Online fraud or: “misfortune a mouse click away”

Increasingly often, we’ve come across cases where clients have fallen victim to sophisticated online fraud. Since virtually anyone can potentially become a victim of social engineering, let this article be a warning of this dangerous phenomenon.

Undoubtedly, the best defence against online fraud is prevention by educating the general public. And it important to keep in mind that online fraud occurs in equal measure during personal and work transactions. A report recently issued by Europol summarises the most common forms of online financial fraud. 

For instance, fraudsters may pretend to be a potential victim’s superiors (usually a high-ranking person in the corporate hierarchy) and try to persuade them to pay a fictitious invoice or make an unauthorised transfer of funds from the company's accounts to the account of the fraudster (‘CEO scams’). Victim are led to believe that the instructions come from an actual person whom they often know. Yet, a seemingly identical telephone number or email address hides a fraudster. To prevent these types of fraud, vigilance and, ideally, a two-person check before making a requested transaction is key. Fraudster also often trick their victims by pretending to be a contractor or a client, and manipulate them into making a payment for goods or services to the imposter’s own bank account.

‘Phishing’, ‘vishing’ or ‘smishing’ are popular types of attacks in which attackers try to lure personal, financial, business, security or other information from their targets through telephone calls, SMS or emails, usually requesting the victim to click on a link or download an attachment. Attackers rely on addressees often being too busy and deceived by the apparent trustworthiness of the person contacting them (usually pretending to be a bank officer). These attacks are the most common form of social engineering and usually target clients of banks.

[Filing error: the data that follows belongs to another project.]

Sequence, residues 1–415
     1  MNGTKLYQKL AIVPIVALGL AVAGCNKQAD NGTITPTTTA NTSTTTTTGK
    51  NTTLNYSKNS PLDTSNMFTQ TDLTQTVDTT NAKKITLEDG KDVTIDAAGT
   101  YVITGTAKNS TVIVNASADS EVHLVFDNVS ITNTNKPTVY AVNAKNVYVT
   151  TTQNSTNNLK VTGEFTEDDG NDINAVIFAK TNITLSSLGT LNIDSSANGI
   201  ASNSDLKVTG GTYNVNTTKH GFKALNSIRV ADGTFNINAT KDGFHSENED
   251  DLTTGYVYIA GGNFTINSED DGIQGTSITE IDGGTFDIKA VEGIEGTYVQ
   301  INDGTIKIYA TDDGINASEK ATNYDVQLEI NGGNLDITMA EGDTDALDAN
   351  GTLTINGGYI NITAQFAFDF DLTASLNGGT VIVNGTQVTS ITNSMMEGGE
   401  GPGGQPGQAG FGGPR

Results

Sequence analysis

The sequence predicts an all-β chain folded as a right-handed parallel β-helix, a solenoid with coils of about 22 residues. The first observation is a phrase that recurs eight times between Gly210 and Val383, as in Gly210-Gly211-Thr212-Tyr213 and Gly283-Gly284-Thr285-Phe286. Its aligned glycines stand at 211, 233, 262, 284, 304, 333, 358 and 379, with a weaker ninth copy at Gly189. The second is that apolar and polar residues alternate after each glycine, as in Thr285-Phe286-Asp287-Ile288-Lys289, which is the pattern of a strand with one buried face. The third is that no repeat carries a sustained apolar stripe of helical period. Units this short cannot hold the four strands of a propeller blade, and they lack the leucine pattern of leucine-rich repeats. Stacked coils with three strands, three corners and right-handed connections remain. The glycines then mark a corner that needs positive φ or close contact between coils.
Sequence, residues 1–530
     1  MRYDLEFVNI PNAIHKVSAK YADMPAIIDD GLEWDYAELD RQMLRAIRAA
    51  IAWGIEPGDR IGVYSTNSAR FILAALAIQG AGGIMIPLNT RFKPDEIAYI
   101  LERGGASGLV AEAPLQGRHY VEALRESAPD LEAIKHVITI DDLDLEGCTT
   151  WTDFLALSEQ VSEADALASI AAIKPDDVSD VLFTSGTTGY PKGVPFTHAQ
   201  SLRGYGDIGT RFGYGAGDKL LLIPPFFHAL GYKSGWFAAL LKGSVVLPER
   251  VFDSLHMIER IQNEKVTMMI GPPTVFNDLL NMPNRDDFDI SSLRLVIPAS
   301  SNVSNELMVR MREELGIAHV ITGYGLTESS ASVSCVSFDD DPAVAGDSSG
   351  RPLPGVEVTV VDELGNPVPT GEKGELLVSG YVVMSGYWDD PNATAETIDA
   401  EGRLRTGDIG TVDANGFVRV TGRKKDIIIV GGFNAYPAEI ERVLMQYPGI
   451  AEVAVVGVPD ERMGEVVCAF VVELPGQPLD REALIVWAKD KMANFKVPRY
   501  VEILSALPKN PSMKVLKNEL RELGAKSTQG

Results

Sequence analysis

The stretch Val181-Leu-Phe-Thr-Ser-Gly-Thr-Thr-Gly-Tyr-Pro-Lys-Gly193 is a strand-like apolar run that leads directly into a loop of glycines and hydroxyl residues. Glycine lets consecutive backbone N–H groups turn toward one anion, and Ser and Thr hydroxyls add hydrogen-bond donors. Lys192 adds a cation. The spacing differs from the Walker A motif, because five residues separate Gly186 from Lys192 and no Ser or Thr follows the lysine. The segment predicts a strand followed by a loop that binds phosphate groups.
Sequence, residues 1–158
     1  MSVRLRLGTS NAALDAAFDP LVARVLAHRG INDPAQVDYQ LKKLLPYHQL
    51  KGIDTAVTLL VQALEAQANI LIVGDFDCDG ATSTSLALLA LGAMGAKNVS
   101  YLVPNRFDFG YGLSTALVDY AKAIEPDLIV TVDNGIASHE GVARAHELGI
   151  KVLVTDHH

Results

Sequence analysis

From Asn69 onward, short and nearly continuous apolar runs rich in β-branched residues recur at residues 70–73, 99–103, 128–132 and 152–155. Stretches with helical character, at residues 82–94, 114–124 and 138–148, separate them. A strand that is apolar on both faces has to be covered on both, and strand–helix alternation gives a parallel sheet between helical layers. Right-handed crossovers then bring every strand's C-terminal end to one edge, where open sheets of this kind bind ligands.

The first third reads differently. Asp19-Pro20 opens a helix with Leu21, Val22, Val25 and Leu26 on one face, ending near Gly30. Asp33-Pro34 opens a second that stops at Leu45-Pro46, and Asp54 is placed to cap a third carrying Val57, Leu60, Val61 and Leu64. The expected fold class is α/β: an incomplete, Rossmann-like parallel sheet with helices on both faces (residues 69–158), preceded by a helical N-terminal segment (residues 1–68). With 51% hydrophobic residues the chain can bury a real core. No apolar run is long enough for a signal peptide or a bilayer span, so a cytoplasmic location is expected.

Other types of online fraud include, for instance: fake bank websites aiming to obtain access data to bank accounts from clients; personal data theft through social networks accounts; or investment scams promising ‘lucrative’ investment opportunities.

Generally, all the mentioned types of online fraud have been on the rise. Therefore, anyone active online should:

  • be alert,
  • check your online and bank accounts regularly,
  • watch out for warning signals (no bank would ever ask its clients for sensitive information; over-advantageous offers are always suspicious, as are urgent and unusual requests marked as confidential, which are also in conflict with corporate policy; a stranger requesting your personal data on social networks; etc.),
  • protect your personal and security information,
  • report suspicious incidents (to the police, the bank, the social network operator).

First and foremost: To detect that you are at risk of becoming the victim of online fraud, you must be able to recognise the signs. Being appropriately informed is therefore your most effective weapon.

 

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